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Pro Philosopher 2: Governments & Grievances will let you shout at Confucius next year

Pro Philosopher 1 is still excellent and free

It's been ten years since Intelligible Games graced us with Socrates Jones: Pro Philosopher, an Ace Attorny style argue 'em up where you confront a cavalcade of philosophers in an attempt to uncover the ultimate nature of morality. Also you're dead, and there are lots of silly jokes.

I loved it, so I'm very pleased that the devs have just announced that Pro Philosopher 2: Governments and Grievances will be out at some point in 2024. It's nearly time to get down and dirty with political philosophy, baby.

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Playing Pro Philosopher the first is a fab little way to get the Cliff Notes on some of the major moral theories that have cropped up across history. You're on the hunt for contradictions and missteps, engaging with arguments that can seem stuffy in contexts where you don't get to yell "Objection!!!" in big cartoony fonts. Last time the focus was on morality, but the sequel steps into the more specific realm of political philosophy. You play Ariadne Jones, daughter of Socrates Jones, i.e the unfortunate accountant who got dragged into philosophy hell last game thanks to a name mixup.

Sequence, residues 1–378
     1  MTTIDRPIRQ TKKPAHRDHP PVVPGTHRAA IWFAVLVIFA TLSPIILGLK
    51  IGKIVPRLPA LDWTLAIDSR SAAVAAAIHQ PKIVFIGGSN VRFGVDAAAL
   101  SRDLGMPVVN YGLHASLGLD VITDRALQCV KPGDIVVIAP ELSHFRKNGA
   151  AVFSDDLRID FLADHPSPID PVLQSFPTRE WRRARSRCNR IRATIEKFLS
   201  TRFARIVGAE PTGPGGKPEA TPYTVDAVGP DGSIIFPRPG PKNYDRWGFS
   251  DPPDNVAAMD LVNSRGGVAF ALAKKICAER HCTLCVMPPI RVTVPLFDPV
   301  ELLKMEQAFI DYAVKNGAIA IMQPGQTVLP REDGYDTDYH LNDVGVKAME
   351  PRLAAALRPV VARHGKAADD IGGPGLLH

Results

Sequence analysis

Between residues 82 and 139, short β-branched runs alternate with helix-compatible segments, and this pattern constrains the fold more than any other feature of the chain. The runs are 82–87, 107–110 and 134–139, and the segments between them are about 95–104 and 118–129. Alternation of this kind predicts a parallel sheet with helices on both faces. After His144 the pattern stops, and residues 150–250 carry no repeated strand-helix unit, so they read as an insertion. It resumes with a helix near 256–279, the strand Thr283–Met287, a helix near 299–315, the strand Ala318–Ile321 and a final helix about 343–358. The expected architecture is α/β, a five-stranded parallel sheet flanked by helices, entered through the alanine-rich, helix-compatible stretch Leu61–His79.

Intelligible Games haven't said which philosophers we'll be debating, though you can spot Machiavellii in the teaser trailer and Confuscious on the Steam page.

I also have a hot scoop thanks to developer Connor Fallon appearing in my DMs last night, who told me my personal fave Bertrand Russell isn't in the lineup. They do "definitely cover some of the things he talks about", though, which I'll take. I'd have probably found arguing against him too difficult anyway.

The Steam page promises "a revamped, expressive art style", "a greatly expanded cast" and dialogue options outside of the debates. It sounds bigger, better, and philosophicaler. I am hype.

If you haven't played Socrates Jones: Pro Philosopher, you can and should do so for free on Steam. That's three hours of elucidatin', endearingly highfalutin fun.

You could also spend ten minutes reading Russell's essay In Praise Of Idleness, which I'll leave here why not.

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